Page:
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Citizen complaint forces fire department to remove ‘Thin Blue Line’ flag from engines

Courtesy: Hingham Firefighters Local 2398

Mary Whitfill

The Patriot Ledger, Quincy, Mass.

A recent citizen complaint over the display of “thin blue line” flags atop fire trucks in town have led to their removal, Fire Chief Steve Murphy and Police Chief Glenn Olsson told personnel this week.

In a letter to employees, the pair explained that the blue and black flags, which are black-and-white versions of the American flag with a single blue line in the center, will have to be removed from where they’ve flown atop Hingham fire trucks for the last two years. The flags were originally purchased to show support to the police department after the killing of Weymouth Police Sgt. Michael Chesna, but have recently “taken a different political meaning,” the chiefs said.

“We condone displaying the flag for that purpose and thank the members of the Hingham Fire Department for showing their respect for their public safety co-workers,” the letter said of the flags’ original intent. The decision was made almost two years to the day since Chesna’s death .

Recently, the black and blue flags have been used by “Back the Blue” or “Blue Lives Matter” groups that have formed in response to a resurgence of the Black Lives Matter movement. The movement has again gained momentum in response to the police killings of several unarmed Black Americans, including George Floyd in Minneapolis and Breonna Taylor in Kentucky.

Following Chesna’s death, the flags could been seen across the South Shore on flag poles, bumper stickers, T-shirts, in windows and more as a show of solidarity. That honoring of a fallen officer, and solidarity with first responders, is what many perceive as the original intent of the flags.

Want news like this sent straight to your inbox? Head over to PatriotLedger.com to sign up for alerts and make sure you never miss a thing. You pick the news you want, we deliver.”People put their own meanings on things and they take on a life of their own,” Braintree Police Chief Mark Dubois said. “From my understanding, that flag is intended to honor those who’ve fallen in the line of duty, people like Sgt. Chesna.”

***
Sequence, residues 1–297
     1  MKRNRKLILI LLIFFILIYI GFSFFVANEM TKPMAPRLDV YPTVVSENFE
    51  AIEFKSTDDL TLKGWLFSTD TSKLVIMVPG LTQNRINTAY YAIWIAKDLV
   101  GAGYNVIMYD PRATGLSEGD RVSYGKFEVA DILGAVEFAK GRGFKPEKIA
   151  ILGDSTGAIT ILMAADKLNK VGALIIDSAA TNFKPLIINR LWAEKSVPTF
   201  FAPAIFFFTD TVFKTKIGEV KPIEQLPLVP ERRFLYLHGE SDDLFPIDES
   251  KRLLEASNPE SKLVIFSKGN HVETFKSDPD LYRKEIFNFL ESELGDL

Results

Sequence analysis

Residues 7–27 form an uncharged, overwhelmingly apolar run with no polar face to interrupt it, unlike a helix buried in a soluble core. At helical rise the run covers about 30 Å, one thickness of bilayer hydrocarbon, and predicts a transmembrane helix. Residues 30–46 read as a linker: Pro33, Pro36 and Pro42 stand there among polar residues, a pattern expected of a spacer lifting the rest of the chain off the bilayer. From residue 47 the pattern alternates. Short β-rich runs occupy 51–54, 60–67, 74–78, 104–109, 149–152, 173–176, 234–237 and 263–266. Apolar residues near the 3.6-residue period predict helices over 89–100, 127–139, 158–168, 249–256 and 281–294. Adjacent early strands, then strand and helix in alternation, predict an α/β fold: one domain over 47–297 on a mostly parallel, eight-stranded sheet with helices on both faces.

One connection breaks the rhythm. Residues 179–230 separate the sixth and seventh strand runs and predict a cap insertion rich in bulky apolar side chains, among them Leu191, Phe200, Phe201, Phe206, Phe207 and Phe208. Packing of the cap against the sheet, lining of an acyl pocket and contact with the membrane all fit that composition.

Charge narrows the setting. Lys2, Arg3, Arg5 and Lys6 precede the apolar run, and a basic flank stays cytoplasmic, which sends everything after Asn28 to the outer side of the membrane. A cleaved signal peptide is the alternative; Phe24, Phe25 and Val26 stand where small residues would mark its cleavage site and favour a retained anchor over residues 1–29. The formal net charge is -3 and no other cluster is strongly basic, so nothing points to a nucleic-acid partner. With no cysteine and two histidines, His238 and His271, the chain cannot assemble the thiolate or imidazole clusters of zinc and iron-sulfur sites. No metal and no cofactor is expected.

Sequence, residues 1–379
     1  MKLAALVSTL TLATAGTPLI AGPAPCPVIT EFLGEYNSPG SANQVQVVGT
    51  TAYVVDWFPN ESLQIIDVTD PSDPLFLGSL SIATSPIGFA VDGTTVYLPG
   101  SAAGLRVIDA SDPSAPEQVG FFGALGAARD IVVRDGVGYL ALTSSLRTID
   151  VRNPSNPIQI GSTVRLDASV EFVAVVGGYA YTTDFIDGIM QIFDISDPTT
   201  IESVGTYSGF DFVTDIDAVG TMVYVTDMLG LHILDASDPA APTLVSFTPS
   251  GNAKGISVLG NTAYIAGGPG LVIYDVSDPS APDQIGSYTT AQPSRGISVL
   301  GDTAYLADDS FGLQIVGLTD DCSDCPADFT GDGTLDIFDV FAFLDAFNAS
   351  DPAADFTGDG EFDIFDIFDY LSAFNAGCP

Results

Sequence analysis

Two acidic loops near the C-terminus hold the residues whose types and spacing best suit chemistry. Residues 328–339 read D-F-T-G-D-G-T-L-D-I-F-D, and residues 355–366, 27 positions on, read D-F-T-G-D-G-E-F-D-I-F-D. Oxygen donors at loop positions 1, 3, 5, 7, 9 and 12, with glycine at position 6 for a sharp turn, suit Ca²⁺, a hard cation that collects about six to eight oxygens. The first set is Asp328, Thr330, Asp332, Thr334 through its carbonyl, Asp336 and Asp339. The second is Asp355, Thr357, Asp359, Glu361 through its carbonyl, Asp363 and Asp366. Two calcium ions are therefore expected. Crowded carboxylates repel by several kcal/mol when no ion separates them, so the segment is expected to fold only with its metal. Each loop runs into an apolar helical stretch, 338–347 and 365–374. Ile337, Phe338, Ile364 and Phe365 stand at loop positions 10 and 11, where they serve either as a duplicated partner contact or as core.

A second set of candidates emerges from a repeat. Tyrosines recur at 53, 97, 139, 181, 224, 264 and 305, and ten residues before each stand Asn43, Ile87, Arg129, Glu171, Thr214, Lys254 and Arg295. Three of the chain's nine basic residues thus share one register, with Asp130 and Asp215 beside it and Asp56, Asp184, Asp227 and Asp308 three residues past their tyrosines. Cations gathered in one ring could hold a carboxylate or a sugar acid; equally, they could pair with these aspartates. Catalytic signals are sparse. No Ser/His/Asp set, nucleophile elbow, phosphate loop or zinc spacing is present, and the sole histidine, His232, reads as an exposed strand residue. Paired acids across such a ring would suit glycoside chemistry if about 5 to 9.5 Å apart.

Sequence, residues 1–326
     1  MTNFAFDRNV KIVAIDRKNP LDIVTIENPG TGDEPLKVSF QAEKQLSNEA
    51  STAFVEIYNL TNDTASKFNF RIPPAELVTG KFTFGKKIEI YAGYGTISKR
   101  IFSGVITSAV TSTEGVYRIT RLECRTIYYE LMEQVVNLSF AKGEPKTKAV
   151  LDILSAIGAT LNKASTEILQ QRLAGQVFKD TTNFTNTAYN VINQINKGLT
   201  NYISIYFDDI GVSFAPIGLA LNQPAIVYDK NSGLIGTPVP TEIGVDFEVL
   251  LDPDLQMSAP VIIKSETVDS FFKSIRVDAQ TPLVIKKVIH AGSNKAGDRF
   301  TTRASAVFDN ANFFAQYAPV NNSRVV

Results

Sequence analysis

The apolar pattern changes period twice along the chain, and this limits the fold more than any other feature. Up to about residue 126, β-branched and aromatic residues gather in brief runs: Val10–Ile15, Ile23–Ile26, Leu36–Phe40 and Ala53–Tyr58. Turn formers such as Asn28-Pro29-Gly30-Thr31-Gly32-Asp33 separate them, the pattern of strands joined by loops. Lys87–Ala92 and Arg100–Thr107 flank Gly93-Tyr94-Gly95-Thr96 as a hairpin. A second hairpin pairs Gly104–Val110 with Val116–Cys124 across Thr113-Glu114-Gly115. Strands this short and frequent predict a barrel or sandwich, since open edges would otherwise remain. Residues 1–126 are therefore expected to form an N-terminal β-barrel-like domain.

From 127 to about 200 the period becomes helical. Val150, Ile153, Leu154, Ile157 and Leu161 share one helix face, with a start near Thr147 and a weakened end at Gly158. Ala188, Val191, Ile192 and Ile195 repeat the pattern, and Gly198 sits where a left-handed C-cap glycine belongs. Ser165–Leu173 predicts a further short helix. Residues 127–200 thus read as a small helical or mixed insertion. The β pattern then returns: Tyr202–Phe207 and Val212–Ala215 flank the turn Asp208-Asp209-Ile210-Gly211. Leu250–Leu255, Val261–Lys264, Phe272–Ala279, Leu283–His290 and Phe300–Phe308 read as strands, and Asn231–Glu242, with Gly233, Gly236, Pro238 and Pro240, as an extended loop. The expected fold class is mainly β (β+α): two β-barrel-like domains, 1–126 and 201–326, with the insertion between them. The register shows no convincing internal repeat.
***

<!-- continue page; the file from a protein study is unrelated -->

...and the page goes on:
Earlier this month, around the two year anniversary of Chesna’s July 15 death, an anonymous person placed roughly 500 small, thin blue line flags on Braintree’s town common near town hall. The flags spelled the words ‘Thank You,’ Dubois said. After talking with the mayor, the flags were moved from town hall to the Braintree Police Department property, where there is a memorial for fallen officers.

“We didn’t know who did it, but obviously we appreciate the support,” Dubois said.

Now that the flags are associated with such a political topic, Murphy and Olsson say they’re in violation of a long-standing town policy that forbids displaying any political messaging on town property.

“Over the last few weeks, the ‘Thin-Blue-Line’ flags have taken a different political meaning, which might be offensive to some,” the letter reads. “We have always shared a great working relationship with the police department, and they don’t need a sticker, or flag, to realize that we have each other’s back during troubling times.”

Dubois said he doesn’t think there have been any complaints about the small flags on the police department property, and said they’ve had “quite the opposite” response from residents for the last few months.

“We’ve had a tremendous about of support,” he said. “We’ve continuously had donors drop off lunch, thank you cards, all of that kind of thing. We appreciate it.”


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